• All Pro Dad, founded by Tony Dungy, is a program of Family First, an organization dedicated to strengthening the family. All Pro Dad programs include: A one‐hour monthly breakfast held before school where fathers/male role models and their kids can meet, have fun, and discuss family topics.
    Materials for All Pro Dad’s Days are free of charge to local organizers. These materials include videos, father/child discussion cards, door prizes, meeting instructions, brochures, posters, and promotional flyers.
  • Real Men Cook/Real Men Charities Inc. began in Chicago in 1989 as a way to change the perception of African American fathers by holding annual Father’s Day food sampling, entertainment, and fund‐raising family celebrations. Real Men Cook has generated over $1 million in ticket sales proceeds to nonprofits, is a national Father’s Day event in 15 cities, and is credited with changing the way Father’s
    Day is celebrated. Real Men Cook encourages recognition of biological dads and father figures and encourages family and community involvement.
  • National Fatherhood Initiative (NFI) aims to help children succeed by getting dads involved. NFI’s school‐based programming helps schools and PTAs involve dads and increase membership with innovative programs and resources, such as:
  • Dadventures™: Fun, hands‐on activities that dads and kids can do together. Double Duty Dads™: A unique mentoring program that can help PTAs recruit members and volunteers. Dad E‐mail™: A weekly e‐mail just for dads with relevant hints, tips, and advice.
    fatherhood.org
  • National Compadres Network is based on the principles of”El Hombre Noble” (the Honorable Man), the network’s goals are to strengthen, rebalance, and redevelop the traditional Latino extended family system by encouraging and supporting the positive involvement of males in families and the community.
  • The National Responsible Fatherhood Clearinghouse (NRFC) seeks to provide, facilitate, and disseminate current research, proven and innovative strategies that will encourage and strengthen fathers and families, and provider’s capacity to promote a healthy family.

PUBLICATIONS 

  • Baskill, Jane. Getting Dads on Board: Fostering Literacy Partnerships for Successful Student Learning. Ontario: Pembroke Publishers, 2009.
  • Cabrera, Natasha, and Catherine S. Tamis‐Lemonada. Handbook of Father Involvement: Multidisciplinary Perspectives, Second Edition. New York: Routledge, 2012. www.teachingforchange.org. Web. 31 May 2012.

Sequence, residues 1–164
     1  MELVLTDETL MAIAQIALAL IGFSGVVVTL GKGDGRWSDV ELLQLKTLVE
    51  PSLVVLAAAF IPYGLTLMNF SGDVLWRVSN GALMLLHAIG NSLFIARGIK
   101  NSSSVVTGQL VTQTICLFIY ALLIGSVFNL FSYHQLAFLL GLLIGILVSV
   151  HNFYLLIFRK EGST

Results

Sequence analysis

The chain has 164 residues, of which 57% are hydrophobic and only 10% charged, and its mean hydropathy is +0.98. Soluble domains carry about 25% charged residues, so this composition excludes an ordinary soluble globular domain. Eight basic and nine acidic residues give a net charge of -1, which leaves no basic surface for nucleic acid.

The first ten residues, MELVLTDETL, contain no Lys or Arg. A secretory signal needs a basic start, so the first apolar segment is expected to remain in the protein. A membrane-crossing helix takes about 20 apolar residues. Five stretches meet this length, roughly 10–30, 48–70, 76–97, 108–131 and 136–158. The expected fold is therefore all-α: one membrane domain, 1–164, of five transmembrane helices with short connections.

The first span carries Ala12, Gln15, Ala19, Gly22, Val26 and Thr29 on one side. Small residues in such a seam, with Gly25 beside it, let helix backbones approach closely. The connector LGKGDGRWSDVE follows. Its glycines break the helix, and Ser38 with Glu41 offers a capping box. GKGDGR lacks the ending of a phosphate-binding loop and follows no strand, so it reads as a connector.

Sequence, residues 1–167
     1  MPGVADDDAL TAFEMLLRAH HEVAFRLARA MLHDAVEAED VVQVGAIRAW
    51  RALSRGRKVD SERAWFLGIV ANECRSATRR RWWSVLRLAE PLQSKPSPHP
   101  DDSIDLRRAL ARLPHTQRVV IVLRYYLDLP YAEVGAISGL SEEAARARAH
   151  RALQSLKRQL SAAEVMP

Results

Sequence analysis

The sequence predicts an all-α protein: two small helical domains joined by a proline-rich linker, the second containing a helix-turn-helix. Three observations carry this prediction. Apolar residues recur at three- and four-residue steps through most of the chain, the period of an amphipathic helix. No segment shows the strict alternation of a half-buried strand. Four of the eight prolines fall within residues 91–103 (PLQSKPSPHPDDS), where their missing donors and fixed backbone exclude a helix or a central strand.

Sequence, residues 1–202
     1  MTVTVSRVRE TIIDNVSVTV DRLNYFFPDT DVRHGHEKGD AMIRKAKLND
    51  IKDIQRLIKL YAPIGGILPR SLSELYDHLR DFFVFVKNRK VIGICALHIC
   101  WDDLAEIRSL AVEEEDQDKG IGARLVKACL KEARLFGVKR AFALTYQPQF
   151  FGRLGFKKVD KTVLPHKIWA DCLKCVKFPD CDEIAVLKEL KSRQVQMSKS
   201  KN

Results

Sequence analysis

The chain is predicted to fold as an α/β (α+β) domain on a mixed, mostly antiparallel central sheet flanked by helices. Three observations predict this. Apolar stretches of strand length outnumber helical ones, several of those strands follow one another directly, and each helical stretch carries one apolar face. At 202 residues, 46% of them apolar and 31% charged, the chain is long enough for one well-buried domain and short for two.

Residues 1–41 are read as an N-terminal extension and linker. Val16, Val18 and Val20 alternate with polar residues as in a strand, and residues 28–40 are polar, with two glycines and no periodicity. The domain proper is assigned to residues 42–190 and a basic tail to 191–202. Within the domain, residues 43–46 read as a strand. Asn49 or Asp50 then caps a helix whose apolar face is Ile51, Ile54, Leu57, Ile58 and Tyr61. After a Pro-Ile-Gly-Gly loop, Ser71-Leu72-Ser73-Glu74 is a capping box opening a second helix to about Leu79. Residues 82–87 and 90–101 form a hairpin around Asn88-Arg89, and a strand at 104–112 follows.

• Carlson, M. McLanham, S., Brooks‐Gunn, J.”Coparenting and Nonresident Fathers’ Involvement with Young Children After a Nonmartial Birth.” Demography, Vol 45, No. 2, 2008, pp.461‐488.
  • Olsen, G. & Fuller, M. Home and School Relations: Teachers and Parents Working Together (4th ed). Pearson: NY, 2012.
  • McBride, B., Dyer, J., et al.”The Differential Impact of Early Father and Mother Involvement on Later Student Achievement.” Journal of Educational Psychology, Vol. 101, No. 2, 2009,pp. 498‐508.
  •  National PTA.”Men Working.” A How‐To Guide on Promoting Father Involvement (2007). www.pta.org. Web. 31 May 2012. <www.pta.org/Father_Involvement_How_To_Guide.pdf>
  • Umbarger,G.T., V.P. Turbiville, and A.C. Guthrie.”Fathers’ involvement in programs for young children.” Young Children 55.4 (2000): 74‐79. Print.

REFERENCES

  • Allen, Sarah, and Kerry Daly.”The Effects of Father Involvement: An Updated Research Summary of Evidence.” Father Involvement Research Alliance (May 2007): 1‐4. www.fira.ca/. Web. 31 May 2012.
    <http://www.fira.ca/cms/documents/29/Effects_of_Father_Involvement.pdf>.
  • Ingram, Patreese D.”Diversity in People: Single‐Father Families.” Diverse Issues 7.1 (2006): 2‐8. Diversity Education. Web. 31 May 2012. <http://diversityeducation.cas.psu.edu/>.
  • Lu, M., Jones, L., et al.”Where is the F in MCH? Father Involvement in African American Families.” Ethnicity & Disease.Vol 20, Winter 2010, pp. 49‐61.
  • Pruett, M., Cowan, C., et al.”Lessons Learned from the Supporting Father Involvement Study: A Cross‐ Cultural Preventive Intervention for Low‐Income Families with Young Children.” Journal of Social Science Research. Vol 35, Issue 2, 2009, pp. 163‐179
  •  U.S. Census Bureau.”Family Structure and Children’s Living Arrangements.” www.census.gov. U.S. Census Bureau, 2011. Web. 31 May 2012. <https://www2.census.gov/about/partners/sdc/events/steering-committee/2012-06/2012-kreider.pdf#>.
  • U.S. Department of Education.”The Context: What Research Tells Us.” A Call to Commitment: Fathers’ Involvement in Children’s Learning (June 2000): 1‐7. www.ed.gov. Web. 31 May 2012. <http://www2.ed.gov/pubs/parents/calltocommit/intro.html>.
Share


Join Our Mailing List

Receive monthly updates on news and events. Learn about best practices. Be the first to hear about our next free webinar!

Share
Share